Annunciation of Our Lord
3rd Saturday in Ordinary Time
Isaiah 7:10-14, 9-10; Hebrews 10:4-10; Luke 1:26-38
Since we say the Angelus prayer three times each day the mystery of the Lord’s Conception and the Annunciation of the Angel Gabriel to Mary are among the most familiar events in Scripture for each of us. On this Feast Day of the event, however, the first reading and the Gospel we have just listened to fills out the context in which the mystery takes place. The text from Isaiah the prophet is remarkable for us in that it has two levels of meaning. The virgin Isaiah had in mind seems to have been one known to the king. But modern exegetes can only speculate as to the person is w whom Isaiah has in mind. Saint Matthew, however, in his account of the Annunciation to Joseph has no doubt that the ultimate meaning of this prophecy is as a definite prediction of the Virginal birth of Christ . Adding to the mystery is the fact that he refers to our Lord as Emmanuel, not as Jesus. From the beginning to encounter the Incarnate Word of God is to enter the world of mystery that calls for trust and faith.
The words of the Epistle to the Hebrews culminate in the assertion that Christ is the fulfillment of the first covenant which was inadequate to satisfy the human heart and its desires. And so the unknown author asserts boldly that Christ “takes away the first to establish the second.” He goes on to explain just what this statement implies: “By this will we have been consecrated through the offering of the Body of Jesus Christ once for all.”
Luke’s version o the conception of Jesus is so familiar to us through our daily recital of the Angelus that we could readily feel today’s Gospel needs no commentary. However, experience provides a very different view. We say the Angelus three times a day, yet each day and each time there is a kind of transcendent sense that makes each instance o fresh contact with the mystery of Christ’s as sharing our humanity. A vow of stability entails that we spend many years together day by day dealing with the same persons. Yet there is some shade of difference in each encounter, though often no exchange of words take place.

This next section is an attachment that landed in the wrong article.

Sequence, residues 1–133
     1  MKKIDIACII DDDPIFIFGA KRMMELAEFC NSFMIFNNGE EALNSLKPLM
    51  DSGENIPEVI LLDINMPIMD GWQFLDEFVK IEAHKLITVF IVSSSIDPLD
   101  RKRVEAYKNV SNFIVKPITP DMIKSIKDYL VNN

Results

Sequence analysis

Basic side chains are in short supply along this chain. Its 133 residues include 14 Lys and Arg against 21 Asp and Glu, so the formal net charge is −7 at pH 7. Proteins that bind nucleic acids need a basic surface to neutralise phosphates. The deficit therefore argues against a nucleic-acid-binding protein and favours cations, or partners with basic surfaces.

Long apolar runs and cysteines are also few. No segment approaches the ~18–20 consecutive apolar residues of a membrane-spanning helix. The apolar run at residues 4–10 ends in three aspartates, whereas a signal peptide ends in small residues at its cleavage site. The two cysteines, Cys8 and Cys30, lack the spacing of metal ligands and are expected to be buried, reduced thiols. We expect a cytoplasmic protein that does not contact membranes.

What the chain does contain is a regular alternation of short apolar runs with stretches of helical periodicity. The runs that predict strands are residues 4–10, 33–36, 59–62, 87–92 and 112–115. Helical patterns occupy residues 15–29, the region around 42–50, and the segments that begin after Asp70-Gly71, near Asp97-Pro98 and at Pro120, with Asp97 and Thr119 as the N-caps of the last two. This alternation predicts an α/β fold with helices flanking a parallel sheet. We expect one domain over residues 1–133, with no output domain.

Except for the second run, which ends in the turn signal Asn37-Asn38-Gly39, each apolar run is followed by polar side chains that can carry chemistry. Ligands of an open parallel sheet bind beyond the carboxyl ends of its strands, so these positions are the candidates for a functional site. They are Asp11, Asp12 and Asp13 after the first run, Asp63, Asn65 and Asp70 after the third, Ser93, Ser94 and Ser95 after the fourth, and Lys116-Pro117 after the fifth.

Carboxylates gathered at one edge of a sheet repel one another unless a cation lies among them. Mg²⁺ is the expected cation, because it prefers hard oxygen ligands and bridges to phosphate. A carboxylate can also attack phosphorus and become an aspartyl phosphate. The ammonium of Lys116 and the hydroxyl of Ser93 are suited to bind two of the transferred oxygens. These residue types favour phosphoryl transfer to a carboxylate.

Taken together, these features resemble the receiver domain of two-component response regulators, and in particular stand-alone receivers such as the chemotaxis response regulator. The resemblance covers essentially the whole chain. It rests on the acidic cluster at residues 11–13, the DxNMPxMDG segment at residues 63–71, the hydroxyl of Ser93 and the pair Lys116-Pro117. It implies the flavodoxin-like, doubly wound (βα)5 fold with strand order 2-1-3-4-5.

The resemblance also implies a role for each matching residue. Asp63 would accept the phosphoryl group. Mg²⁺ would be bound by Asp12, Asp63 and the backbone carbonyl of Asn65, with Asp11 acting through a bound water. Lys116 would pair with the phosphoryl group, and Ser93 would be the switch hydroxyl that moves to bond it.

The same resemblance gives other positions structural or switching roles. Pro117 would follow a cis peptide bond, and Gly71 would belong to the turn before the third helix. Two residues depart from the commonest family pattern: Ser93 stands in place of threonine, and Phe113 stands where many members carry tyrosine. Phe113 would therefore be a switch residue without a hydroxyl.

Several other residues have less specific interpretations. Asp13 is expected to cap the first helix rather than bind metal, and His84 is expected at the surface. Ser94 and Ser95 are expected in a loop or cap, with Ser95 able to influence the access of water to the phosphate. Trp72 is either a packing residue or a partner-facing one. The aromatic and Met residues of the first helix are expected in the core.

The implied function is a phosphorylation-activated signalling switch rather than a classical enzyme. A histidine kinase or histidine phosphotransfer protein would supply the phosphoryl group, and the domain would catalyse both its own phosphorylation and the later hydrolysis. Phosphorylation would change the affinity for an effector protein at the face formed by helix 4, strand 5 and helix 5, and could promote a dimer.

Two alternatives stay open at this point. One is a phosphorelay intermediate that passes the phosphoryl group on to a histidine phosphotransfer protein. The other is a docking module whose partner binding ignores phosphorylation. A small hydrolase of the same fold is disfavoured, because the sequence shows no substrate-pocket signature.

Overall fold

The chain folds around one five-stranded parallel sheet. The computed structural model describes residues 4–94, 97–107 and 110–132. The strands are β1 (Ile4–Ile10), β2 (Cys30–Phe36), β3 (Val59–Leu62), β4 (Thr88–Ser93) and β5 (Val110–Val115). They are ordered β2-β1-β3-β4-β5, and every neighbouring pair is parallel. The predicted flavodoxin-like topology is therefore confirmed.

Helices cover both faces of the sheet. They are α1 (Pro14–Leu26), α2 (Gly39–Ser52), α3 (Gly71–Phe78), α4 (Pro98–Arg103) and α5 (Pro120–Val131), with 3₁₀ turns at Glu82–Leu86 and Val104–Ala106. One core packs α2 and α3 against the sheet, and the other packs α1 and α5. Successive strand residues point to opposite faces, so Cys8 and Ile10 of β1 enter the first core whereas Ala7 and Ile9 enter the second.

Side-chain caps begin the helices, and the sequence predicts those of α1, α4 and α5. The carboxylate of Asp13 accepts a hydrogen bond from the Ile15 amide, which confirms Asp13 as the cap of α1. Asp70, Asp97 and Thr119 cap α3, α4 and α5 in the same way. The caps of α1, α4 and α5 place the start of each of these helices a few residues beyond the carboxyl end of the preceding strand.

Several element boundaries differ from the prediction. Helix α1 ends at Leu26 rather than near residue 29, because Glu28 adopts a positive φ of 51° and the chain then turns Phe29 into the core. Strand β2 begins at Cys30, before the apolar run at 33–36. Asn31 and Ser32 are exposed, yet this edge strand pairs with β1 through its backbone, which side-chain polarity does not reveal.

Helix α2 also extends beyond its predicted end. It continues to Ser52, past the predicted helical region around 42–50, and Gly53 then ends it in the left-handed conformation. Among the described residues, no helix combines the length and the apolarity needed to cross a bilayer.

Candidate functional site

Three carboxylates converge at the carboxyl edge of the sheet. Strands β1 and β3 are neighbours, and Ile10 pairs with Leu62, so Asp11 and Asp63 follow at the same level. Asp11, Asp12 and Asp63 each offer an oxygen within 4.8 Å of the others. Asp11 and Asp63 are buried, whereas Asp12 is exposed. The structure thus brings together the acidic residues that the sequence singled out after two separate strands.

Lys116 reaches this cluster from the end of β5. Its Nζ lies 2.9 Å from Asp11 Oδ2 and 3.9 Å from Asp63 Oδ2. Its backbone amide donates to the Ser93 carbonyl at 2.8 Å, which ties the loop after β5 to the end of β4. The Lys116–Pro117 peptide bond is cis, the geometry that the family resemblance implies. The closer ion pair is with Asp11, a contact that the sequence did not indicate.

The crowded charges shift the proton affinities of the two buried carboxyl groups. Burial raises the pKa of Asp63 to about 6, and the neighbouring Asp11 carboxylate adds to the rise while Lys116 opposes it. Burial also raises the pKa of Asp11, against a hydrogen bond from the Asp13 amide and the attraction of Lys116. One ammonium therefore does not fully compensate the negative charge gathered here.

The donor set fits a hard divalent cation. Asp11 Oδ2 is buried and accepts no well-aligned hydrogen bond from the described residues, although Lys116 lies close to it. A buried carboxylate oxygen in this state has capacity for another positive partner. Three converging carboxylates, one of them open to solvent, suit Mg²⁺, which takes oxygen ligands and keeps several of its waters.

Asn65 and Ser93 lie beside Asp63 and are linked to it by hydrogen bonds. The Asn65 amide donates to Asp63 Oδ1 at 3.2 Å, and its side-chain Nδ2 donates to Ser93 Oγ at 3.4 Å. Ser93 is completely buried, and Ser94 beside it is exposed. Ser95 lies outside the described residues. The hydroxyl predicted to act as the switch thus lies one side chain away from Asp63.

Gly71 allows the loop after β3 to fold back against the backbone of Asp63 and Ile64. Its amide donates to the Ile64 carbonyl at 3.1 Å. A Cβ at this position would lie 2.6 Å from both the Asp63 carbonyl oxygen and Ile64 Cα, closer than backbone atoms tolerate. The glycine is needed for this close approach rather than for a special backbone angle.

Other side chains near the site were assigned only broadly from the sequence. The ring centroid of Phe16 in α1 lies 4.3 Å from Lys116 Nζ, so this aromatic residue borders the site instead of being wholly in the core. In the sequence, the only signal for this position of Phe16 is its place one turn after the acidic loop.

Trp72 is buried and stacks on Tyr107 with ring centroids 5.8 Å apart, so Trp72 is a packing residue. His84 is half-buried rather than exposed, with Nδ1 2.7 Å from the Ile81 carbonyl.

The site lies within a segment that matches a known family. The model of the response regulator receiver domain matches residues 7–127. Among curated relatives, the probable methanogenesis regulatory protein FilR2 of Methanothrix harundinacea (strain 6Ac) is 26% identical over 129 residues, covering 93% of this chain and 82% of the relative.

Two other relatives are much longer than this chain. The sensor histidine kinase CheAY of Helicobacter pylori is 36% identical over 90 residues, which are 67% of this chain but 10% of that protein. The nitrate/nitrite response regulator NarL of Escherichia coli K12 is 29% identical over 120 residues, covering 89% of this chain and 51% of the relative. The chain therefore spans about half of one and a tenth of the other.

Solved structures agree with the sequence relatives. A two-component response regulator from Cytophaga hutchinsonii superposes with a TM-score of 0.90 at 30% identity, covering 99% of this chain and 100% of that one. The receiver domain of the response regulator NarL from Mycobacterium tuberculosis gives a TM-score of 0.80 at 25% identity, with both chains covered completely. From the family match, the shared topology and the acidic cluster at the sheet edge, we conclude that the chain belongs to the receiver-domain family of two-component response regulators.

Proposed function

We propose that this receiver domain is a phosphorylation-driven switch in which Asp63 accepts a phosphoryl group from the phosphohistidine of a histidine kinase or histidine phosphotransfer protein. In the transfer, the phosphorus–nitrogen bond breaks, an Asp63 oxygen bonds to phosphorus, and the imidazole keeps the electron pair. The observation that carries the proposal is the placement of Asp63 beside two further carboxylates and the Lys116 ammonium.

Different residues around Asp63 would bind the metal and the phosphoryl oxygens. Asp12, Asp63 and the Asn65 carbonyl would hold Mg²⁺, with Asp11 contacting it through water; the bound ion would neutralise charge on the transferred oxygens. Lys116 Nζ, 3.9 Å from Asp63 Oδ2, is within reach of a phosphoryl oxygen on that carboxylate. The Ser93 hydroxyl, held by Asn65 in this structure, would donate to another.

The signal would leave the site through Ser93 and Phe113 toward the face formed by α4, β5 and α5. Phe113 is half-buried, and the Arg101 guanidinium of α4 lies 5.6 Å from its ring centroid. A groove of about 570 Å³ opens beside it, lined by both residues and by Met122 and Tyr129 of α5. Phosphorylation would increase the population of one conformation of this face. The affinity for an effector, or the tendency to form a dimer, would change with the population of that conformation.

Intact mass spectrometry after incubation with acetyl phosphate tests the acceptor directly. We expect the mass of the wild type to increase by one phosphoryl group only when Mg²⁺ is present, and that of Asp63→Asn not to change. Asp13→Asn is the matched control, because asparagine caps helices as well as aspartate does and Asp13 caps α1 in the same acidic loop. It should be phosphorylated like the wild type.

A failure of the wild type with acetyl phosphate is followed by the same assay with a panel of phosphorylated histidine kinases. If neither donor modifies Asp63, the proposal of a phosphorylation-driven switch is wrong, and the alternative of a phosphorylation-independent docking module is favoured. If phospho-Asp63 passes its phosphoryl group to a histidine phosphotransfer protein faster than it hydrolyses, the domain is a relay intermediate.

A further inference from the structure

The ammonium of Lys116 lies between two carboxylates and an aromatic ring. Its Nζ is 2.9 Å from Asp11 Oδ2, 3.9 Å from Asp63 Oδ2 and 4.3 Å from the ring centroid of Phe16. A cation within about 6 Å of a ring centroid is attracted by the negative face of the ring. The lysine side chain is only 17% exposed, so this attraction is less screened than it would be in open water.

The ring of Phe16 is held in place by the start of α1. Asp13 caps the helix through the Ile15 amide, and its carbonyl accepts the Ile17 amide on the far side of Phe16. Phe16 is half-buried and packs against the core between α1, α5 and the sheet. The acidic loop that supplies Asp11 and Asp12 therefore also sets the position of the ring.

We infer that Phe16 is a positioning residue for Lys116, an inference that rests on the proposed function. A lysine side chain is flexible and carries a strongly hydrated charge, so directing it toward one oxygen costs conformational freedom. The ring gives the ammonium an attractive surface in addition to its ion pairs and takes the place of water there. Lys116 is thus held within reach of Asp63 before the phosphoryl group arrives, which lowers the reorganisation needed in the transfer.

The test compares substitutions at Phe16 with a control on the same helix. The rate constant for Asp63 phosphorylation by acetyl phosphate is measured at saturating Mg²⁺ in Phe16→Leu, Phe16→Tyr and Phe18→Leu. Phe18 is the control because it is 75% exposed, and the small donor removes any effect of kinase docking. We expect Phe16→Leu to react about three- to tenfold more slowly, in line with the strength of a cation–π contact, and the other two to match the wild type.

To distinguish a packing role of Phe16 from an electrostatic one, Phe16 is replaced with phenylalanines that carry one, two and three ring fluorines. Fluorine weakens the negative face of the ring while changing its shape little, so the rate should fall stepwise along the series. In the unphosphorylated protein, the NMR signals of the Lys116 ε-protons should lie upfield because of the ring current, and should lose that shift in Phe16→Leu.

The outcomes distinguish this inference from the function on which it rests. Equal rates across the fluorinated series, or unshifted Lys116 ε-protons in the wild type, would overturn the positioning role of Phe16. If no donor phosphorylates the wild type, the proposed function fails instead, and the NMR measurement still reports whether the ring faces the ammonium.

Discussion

The Lord whom we encounter at each angelus meets us in a way that somehow partakes of another world. For the faith and hope, and desire for God that is love invariably conveys a measure of fresh life. However obscure, even when not adverted to, the Divine presence is every new, never absent. The Same Lord who was conceived by Mary of the Holy Spirit so many centuries ago, remains present to us by our faith and loving trust as He is here among us now in this Eucharist. May we always so live as to make Him welcome until the day we meet him face to face.